Did the NFL's Upcoming TV Deals Really Allow Jerry Jones to Finally Pay Dak Prescott?

By Stephen Douglas
Dak Prescott and Jerry Jones share a moment.
Dak Prescott and Jerry Jones share a moment. / Thearon W. Henderson/Getty Images
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Dak Prescott and the Dallas Cowboys finally reached a deal on a contract extension on Monday following a saga that literally lasted years. With the new deal, Prescott will be very fairly compensated and in Dallas through at least 2024. After the deal was announced, ESPN's Adam Schefter tweeted the reasoning for Jerry Jones finally caving to his star quarterback's demands.

I guess Jones and the NFL are actually doing alright. This is despite the fact that we're coming out of a pandemic and many thought the league was going to go broke after they went woke with kneeling and no longer using the Super Bowl halftime show to read Dr. Seuss books to America. So just how healthy is the NFL looking in the near future?

The salary cap for 2021 will be around $180 million. If the cap is really $250 million by 2025, that's an increase of nearly 40 percent. Considering the cap only increased about 22 percent from 2016 ($155 million) to this season, that's a pretty sizable jump. Especially, considering the circumstances of 2020.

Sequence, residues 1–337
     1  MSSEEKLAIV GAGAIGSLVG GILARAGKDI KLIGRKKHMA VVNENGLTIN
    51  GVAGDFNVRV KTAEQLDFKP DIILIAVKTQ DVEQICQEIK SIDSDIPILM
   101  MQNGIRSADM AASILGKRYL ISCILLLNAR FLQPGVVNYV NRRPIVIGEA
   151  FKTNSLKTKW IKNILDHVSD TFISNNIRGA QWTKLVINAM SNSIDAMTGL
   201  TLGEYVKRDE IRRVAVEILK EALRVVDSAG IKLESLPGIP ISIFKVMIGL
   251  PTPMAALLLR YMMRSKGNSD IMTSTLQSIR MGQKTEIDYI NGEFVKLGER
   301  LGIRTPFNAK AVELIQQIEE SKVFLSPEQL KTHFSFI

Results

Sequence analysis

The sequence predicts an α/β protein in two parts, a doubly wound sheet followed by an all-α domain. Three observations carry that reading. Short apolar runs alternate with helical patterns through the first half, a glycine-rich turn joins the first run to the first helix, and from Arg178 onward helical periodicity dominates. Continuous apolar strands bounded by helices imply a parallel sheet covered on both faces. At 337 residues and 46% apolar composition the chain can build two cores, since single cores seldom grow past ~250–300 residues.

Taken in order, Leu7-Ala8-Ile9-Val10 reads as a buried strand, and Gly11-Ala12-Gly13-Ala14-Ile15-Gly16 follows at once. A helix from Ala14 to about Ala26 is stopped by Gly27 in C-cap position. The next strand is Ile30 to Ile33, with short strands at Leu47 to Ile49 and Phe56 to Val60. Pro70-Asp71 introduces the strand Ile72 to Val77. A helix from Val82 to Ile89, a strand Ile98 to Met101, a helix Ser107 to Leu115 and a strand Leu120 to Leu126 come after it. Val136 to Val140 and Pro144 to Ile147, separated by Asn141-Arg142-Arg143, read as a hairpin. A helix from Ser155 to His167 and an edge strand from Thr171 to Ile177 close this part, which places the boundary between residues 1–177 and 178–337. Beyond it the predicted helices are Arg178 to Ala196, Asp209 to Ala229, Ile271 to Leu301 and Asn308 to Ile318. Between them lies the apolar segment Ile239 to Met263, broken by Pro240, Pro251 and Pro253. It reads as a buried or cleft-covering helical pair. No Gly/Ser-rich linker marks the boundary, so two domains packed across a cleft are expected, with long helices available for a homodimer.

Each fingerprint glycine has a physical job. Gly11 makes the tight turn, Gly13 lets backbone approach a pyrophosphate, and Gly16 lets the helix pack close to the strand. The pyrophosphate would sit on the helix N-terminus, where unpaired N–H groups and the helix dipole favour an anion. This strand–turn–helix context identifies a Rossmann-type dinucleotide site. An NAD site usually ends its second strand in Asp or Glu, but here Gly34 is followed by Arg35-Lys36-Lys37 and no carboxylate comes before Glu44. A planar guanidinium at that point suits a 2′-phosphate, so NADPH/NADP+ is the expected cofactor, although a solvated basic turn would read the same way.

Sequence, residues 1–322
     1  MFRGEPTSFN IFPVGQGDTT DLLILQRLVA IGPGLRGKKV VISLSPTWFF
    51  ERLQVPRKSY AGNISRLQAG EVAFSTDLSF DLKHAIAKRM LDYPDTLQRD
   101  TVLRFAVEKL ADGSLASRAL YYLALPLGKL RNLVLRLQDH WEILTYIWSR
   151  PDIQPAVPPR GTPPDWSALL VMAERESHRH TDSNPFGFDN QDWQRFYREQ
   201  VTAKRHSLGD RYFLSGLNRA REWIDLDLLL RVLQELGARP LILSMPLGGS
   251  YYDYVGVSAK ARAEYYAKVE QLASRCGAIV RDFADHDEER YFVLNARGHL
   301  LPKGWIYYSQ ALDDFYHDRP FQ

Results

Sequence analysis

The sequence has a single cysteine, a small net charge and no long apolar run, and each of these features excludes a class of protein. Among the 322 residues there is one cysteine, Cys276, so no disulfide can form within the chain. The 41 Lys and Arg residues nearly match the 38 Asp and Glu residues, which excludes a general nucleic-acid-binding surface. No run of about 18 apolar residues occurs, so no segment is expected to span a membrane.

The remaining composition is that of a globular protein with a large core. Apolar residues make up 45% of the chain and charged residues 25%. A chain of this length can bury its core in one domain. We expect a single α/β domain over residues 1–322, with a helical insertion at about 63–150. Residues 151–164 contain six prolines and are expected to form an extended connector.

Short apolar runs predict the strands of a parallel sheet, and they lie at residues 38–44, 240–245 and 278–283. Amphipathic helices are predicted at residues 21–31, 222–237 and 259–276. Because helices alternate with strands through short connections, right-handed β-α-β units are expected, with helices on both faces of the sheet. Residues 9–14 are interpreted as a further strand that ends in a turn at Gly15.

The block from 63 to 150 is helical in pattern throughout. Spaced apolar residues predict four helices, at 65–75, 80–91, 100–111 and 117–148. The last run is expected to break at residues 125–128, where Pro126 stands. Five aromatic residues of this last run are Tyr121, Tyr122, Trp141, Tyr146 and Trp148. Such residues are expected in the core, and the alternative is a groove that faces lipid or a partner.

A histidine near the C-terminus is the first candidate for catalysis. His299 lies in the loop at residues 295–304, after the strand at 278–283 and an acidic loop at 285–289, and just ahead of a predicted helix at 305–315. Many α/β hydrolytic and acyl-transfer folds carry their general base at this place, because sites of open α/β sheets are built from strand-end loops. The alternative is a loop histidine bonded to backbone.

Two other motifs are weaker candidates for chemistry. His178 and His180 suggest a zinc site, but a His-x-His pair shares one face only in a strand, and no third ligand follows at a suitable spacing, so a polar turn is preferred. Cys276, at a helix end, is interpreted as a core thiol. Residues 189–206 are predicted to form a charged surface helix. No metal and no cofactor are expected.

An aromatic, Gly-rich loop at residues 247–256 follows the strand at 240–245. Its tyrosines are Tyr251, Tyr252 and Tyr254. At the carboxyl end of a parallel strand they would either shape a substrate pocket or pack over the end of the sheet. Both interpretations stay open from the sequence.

So why is Jones the only person taking advantage of this? Why are other teams letting stars walk into free agency this week? Is Jones the only owner operating under this assumption — because that seems unfair. Is Jones finally financially secure if the NFL has a new big juicy TV deal? Considering he's worth about $9 billion and conducted last year's draft from a super yacht, I can't imagine money was ever the real issue.

Perhaps Jones and the Cowboys are trying to spin this deal. If they had just signed Prescott to a big deal a few years ago, he'd be making money in the $30 millions instead of the $40 millions. Would the extra $10 million a year have made a big difference in a salary capped league? Cutting Ezekiel Elliott next year would make up for some of that.

Does any of this really seem likely for a guy worth $9 billion who still buys his wine at a gas station in the middle of a weekday afternoon? It seems more like Jones got to the point where the Cowboys either gave Dak a contract or they would lose him. And both sides chose to stay together.

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